Football fans who bought tickets in the first sales run for the 2006 World Cup in Germany will be reimbursed for any bank charges incurred, it is claimed.
Fifa's World Cup ticketing policy has aroused fury among some fans
Tickets bought in the first batch of sales had to be paid for by MasterCard or a German bank account - or euro bank transfer, costing UK fans up to £35.
After a complaint by Which? to the EU, fans buying in the second Fifa ticket phase could pay in their own currency.
Now Which? says Fifa will repay fans who incurred admin cost in phase one.
Fifa told BBC News it has still to make a final decision on repayment of fees to fans who bought tickets in the first phase of ticket applications.
However consumer rights body Which? said confirmation of the compensation plans had been received from the European Commission, and from fans who had been contacted by Fifa.
"Today's decision by Fifa is fantastic news for fans going to the World Cup next year," said Phil Evans of Which?.
He said they would now withdraw their complaint to the EU's Competition Commissioner Neelie Kroes.
Which? had complained that fans buying tickets in the first phase were forced to have a German bank account, use a Mastercard credit card, or incur costs by making an international bank transfer in euros to tournament organisers.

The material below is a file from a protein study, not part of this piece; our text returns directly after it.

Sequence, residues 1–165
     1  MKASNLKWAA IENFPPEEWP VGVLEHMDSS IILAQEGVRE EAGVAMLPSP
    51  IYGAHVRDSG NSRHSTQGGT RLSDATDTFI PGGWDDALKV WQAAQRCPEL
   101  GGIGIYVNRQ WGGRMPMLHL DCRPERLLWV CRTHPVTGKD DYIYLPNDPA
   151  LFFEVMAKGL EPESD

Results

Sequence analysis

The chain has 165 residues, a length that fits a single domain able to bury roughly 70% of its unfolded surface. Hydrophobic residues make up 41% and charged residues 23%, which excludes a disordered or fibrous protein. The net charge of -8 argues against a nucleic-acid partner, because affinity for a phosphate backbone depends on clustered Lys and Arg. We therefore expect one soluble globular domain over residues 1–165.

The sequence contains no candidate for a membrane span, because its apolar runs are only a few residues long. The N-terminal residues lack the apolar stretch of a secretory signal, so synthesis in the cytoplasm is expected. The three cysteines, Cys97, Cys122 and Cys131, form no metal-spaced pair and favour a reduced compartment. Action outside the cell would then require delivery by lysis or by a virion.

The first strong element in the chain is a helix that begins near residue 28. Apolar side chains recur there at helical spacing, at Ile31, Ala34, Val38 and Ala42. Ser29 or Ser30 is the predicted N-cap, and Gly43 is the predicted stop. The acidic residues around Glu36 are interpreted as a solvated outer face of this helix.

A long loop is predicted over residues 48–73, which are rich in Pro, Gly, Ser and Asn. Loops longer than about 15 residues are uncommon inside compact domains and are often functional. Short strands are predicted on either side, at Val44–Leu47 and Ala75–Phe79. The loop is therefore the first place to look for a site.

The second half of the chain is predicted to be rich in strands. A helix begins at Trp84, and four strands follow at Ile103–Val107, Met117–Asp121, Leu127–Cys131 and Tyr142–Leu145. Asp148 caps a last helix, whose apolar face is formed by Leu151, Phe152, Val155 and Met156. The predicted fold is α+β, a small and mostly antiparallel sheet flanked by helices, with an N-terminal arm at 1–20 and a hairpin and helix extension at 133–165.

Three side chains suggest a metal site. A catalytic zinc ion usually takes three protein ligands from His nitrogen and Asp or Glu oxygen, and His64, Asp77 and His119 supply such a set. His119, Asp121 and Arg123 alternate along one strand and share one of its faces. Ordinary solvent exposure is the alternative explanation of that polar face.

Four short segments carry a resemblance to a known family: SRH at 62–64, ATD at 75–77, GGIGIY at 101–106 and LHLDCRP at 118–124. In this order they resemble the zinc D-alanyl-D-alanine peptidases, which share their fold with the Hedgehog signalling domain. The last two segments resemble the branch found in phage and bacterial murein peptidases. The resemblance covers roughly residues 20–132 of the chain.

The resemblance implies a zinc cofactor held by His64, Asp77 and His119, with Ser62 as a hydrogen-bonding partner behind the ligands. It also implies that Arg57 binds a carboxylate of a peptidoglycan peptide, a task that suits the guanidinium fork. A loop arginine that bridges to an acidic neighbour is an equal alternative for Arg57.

They claimed the deal between World Cup organiser and governing body Fifa, the German Football Federation and Mastercard breached European competition law.
'Last minute goals'
After Fifa said European fans buying tickets in the second application phase could make a bank transfer in their own currency, Which? asked what it intended to do for fans who had already bought tickets in phase one.
Supporters who purchased in the first tranche of match sales will now receive compensation if they had to pay a charge when they bought for their tickets, Which? says.
Referring to Liverpool's recent Champions League final comeback from 0-3 down to AC Milan, Mr Evans said fans had now scored "three last minute goals".
"It means fans will have easier payment systems, bank accounts in local currencies for non-Eurozone countries, and now a compensation package for fans who have already bought tickets."